# Shamir's Secret Sharing Scheme

## What is "Secret Sharing"?

Citing from the Wikipedia article about Secret Sharing:

In cryptography, a secret sharing scheme is a method for distributing a secret amongst a group of participants, each of which is allocated a share of the secret. The secret can only be reconstructed when the shares are combined together; individual shares are of no use on their own.

More formally, in a secret sharing scheme there is one dealer and n players. The dealer gives a secret to the players, but only when specific conditions are fulfilled. The dealer accomplishes this by giving each player a share in such a way that any group of t (for threshold) or more players can together reconstruct the secret but no group of less than t players can. Such a system is called a (t,n)-threshold scheme.

A popular technique to implement threshold schemes uses polynomial interpolation ("Lagrange interpolation"). This method was invented by Adi Shamir in 1979. You can play around with such a scheme on the demo page.

Note that Shamir's scheme is provable secure, that means: in a (t,n) scheme one can prove that it makes no difference whether an attacker has t-1 valid shares at his disposal or none at all; as long as he has less than t shares, there is no better option than guessing to find out the secret.

## Where is "Secret Sharing" used?

Some popular examples are:
• Good passwords are hard to memorize. A clever user could use a secret sharing scheme to generate a set of shares for a given password and store one share in his address book, one in his bank deposit safe, leave one share with a friend, etc. If one day he forgets his password, he can reconstruct it easily. Of course, writing passwords directly into the address book would pose a security risk, as it could be stolen by an "enemy". If a secret sharing scheme is used, the attacker has to steal many shares from different places.

A typical application of this scenario is the secure implementation of an encrypted backup system. Assuming that data recoveries are needed rarely, backup data can be public key encrypted -- this can be done automatically and without user interaction -- while the private recovery key is protected via secret sharing.

• "A dealer could send t shares, all of which are necessary to recover the original secret, to a single recipient, using t different channels. An attacker would have to intercept all t shares to recover the secret, a task which may be more difficult than intercepting a single message" (Wikipedia).
• The director of a bank could generate shares for the bank's vault unlocking code and hand them out to his employees. Even if the director is not available, the vault can be opened, but only, when a certain number of employees do it together. Here secret sharing schemes allow the employment of not fully trusted people.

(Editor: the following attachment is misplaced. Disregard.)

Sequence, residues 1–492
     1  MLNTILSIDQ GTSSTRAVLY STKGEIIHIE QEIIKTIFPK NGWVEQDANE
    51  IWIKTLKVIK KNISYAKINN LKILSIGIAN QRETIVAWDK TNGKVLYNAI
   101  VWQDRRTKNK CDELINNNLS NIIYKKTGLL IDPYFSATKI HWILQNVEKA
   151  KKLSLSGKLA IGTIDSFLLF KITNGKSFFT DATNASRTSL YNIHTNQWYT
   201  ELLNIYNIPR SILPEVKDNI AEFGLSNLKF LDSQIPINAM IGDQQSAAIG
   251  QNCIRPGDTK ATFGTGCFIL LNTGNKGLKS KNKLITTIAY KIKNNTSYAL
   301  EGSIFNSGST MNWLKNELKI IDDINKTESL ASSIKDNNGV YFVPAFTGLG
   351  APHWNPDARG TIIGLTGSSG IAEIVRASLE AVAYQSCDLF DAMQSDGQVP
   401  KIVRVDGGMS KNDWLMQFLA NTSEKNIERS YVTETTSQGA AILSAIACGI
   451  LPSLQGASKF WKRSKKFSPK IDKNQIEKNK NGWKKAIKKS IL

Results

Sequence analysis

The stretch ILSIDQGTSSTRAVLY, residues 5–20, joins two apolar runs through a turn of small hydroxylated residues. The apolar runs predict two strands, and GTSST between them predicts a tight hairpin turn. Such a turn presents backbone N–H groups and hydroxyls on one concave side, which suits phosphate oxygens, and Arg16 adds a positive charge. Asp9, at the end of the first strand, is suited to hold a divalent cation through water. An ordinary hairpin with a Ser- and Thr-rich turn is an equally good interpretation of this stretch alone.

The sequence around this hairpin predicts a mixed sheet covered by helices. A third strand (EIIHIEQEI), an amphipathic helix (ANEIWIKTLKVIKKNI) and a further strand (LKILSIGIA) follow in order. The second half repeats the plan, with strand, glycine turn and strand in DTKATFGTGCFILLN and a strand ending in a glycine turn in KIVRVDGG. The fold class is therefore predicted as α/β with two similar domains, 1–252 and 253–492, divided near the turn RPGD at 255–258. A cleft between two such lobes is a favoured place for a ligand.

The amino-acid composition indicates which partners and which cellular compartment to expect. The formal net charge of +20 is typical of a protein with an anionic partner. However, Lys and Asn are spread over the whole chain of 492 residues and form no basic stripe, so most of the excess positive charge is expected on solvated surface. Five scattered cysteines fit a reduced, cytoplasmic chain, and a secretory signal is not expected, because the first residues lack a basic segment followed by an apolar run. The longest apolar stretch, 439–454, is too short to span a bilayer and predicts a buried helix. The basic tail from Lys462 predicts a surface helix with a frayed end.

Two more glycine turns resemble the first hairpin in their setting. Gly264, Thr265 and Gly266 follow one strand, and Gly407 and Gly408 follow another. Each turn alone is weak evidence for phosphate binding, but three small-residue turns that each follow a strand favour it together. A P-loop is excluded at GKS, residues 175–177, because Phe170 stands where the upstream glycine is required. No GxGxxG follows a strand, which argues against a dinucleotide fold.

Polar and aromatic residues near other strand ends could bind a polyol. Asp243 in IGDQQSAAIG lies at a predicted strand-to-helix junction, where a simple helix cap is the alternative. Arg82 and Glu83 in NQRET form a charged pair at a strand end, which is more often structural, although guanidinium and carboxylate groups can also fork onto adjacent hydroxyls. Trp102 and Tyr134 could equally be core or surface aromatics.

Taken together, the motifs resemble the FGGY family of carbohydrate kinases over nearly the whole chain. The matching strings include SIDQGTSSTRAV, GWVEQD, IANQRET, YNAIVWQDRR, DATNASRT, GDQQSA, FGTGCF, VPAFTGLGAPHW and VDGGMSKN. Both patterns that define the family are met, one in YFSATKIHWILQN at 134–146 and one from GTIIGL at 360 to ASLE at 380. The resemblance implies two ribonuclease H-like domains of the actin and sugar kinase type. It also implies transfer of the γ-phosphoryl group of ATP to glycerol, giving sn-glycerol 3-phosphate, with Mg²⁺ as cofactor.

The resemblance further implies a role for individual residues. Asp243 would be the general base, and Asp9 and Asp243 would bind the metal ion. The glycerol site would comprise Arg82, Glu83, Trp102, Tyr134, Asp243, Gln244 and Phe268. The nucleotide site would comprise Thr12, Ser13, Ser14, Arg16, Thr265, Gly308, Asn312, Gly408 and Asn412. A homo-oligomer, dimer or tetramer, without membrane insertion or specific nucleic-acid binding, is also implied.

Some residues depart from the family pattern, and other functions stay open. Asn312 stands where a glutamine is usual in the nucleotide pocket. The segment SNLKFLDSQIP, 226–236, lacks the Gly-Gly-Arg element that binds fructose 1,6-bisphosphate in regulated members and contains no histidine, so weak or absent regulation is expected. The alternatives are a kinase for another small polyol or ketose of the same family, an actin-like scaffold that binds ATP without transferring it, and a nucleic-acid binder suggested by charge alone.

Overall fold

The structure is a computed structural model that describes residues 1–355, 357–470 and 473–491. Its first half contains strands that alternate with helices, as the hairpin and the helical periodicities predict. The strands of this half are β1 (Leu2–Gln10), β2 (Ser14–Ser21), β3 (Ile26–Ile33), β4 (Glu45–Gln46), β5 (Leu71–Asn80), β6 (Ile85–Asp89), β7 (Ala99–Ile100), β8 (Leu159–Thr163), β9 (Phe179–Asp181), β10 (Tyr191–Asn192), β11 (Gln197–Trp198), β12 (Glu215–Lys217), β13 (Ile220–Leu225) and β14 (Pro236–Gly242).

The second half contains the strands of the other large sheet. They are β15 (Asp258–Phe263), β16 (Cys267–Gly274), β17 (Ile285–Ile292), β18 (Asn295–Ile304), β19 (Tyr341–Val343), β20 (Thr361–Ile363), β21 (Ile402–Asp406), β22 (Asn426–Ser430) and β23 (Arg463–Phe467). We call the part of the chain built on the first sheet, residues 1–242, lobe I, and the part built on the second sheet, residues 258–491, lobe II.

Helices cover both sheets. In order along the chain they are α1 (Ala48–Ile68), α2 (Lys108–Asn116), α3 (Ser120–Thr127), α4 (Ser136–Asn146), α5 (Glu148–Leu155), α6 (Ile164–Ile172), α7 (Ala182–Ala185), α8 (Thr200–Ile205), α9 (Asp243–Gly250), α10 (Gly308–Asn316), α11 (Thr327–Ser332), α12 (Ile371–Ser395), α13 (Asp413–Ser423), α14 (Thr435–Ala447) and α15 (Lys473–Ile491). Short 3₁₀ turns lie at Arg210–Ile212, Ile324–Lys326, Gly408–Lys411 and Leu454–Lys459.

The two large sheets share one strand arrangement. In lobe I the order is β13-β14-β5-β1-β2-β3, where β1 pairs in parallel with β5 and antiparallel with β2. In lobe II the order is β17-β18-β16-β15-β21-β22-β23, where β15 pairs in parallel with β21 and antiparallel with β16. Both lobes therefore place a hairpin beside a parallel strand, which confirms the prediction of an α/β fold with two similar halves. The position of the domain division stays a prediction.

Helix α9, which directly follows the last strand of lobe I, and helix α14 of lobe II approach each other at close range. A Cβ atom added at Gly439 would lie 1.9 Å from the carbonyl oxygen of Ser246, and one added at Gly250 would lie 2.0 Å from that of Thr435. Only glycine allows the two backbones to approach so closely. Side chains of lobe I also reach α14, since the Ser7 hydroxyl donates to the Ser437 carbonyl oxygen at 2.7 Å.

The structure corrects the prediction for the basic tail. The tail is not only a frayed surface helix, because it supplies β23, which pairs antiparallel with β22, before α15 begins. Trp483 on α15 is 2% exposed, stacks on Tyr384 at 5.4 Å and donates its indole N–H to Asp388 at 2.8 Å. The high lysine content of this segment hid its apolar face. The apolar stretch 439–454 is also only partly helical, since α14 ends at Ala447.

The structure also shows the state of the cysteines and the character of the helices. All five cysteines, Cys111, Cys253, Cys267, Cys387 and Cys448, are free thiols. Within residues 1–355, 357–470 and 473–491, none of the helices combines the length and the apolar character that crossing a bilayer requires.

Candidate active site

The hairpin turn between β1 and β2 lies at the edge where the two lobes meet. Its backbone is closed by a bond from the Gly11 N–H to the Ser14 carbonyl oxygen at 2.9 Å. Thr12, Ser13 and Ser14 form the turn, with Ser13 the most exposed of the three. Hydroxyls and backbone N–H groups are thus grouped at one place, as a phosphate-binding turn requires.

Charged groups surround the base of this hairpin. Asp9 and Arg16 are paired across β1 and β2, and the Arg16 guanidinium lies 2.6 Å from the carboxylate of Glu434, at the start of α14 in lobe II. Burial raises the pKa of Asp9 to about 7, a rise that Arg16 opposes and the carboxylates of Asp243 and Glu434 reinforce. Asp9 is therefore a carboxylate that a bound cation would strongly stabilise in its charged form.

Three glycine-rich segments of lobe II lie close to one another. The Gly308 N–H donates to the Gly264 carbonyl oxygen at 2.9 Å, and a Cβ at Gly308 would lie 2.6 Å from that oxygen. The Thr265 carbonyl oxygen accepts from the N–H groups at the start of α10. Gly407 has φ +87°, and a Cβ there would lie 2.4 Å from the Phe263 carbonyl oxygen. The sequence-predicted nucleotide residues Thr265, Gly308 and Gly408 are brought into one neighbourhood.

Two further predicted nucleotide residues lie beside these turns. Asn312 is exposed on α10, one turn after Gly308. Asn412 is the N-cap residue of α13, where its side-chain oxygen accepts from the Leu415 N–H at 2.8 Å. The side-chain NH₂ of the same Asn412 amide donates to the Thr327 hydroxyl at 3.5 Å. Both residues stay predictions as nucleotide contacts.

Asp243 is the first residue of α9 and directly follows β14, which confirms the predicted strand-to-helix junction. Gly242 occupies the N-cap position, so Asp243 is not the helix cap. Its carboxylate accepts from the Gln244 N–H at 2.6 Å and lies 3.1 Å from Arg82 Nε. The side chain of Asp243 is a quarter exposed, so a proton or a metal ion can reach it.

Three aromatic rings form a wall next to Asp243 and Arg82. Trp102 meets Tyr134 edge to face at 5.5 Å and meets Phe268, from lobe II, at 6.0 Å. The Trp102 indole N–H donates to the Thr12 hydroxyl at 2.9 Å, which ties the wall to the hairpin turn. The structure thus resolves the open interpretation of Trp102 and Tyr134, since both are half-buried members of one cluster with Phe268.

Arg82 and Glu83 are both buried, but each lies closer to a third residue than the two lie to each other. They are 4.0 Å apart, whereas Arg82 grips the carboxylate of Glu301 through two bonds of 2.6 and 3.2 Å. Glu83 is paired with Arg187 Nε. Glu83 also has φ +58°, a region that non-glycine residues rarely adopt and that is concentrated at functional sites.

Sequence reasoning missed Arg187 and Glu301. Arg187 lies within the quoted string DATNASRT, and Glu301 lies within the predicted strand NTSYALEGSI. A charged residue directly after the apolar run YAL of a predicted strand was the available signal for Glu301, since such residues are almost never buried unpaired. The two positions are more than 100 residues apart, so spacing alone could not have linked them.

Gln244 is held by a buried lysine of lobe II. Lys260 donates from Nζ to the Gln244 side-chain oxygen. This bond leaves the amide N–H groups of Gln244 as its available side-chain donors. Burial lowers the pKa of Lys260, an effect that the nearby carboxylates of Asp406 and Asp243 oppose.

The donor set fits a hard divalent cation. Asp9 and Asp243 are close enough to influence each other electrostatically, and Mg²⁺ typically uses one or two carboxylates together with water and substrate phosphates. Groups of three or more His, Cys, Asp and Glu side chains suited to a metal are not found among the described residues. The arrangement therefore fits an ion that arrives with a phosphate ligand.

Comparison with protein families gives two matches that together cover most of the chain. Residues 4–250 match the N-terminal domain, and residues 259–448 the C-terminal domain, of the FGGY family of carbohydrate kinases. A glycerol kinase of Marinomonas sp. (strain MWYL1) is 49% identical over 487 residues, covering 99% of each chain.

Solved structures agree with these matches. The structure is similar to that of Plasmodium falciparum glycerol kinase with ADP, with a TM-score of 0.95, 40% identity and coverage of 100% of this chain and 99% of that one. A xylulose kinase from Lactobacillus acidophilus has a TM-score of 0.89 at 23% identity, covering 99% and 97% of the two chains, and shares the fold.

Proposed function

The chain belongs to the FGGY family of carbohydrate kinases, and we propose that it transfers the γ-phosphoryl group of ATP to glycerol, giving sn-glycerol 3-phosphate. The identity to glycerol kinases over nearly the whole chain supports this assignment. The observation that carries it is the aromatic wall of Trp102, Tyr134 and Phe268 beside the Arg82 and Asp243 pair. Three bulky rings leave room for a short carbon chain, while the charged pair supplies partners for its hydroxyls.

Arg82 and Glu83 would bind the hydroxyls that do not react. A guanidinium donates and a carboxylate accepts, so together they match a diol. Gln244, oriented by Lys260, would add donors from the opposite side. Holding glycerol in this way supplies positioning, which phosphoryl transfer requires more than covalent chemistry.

ssss is an implementation of Shamir's secret sharing scheme for UNIX/linux machines. It is free software, the code is licensed under the GNU GPL v2. ssss does both: the generation of shares for a known secret and the reconstruction of a secret using user provided shares. The software was written in 2006 by B. Poettering, it links against the GNU libgmp multiprecision library (version 4.1.4 works well) and requires the /dev/random entropy source.

ssss-0.5.tar.gz (SHA1: 3f8f5046c2c5c3a2cf1a93f0a9446681852b190e)
ssss-0.4.tar.gz (SHA1: 462a4309fabc02abf6f3470c5223f0aea44e2a05)
ssss-0.2.tar.gz (SHA1: bcfdf3212e461baaa5922193faa1aec2bfffbb9c)
ssss-0.1.tar.gz (SHA1: 66f8fca5793034fc42032f70de7f9195e4bb4bcd)

Some people reported compilation probems with ssss-0.5. This will be fixed in the upcoming release. If the code isn't processed correctly on your machine, replace line 351 of ssss.c by

`int restore_secret(int n, void *A, mpz_t b[])`

A manpage is available as groff and html version.

Read the HISTORY file for the changes between the versions. There exists a debian package for ssss. New versions are announced via the freshmeat page.

Someone contributed a Windows port of (an outdated version of) ssss (but with a lightly too sloppy random number generation, in my opinion).

## How is ssss used? Is there an online demonstration?

The generation of shares given a known secret is shown first. A (3,5)-threshold scheme is used, that is: 5 shares are generated, the secret can be reconstructed by any subset of size 3.

```% ssss-split -t 3 -n 5
Generating shares using a (3,5) scheme with dynamic security level.
Enter the secret, at most 128 ASCII characters: my secret root password
Using a 184 bit security level.
1-1c41ef496eccfbeba439714085df8437236298da8dd824
2-fbc74a03a50e14ab406c225afb5f45c40ae11976d2b665
3-fa1c3a9c6df8af0779c36de6c33f6e36e989d0e0b91309
5-4756974923c0dce0a55f4774d09ca7a4865f64f56a4ee0
```

These shares can be combined to recreate the secret:
```% ssss-combine -t 3
Enter 3 shares separated by newlines:
Share [1/3]: 3-fa1c3a9c6df8af0779c36de6c33f6e36e989d0e0b91309
Share [2/3]: 5-4756974923c0dce0a55f4774d09ca7a4865f64f56a4ee0
Share [3/3]: 2-fbc74a03a50e14ab406c225afb5f45c40ae11976d2b665
Resulting secret: my secret root password
```

You can try it out on the demo page.

If larger secrets are to be shared a hybrid technique has to be applied: encrypt the secret with a block cipher (using openssl, gpg, etc) and apply secret sharing to just the key. See the man page for more information about this topic.

## Final notices

seccure is another crypto software by the same author.

If ssss is of value for you, please consider donating:

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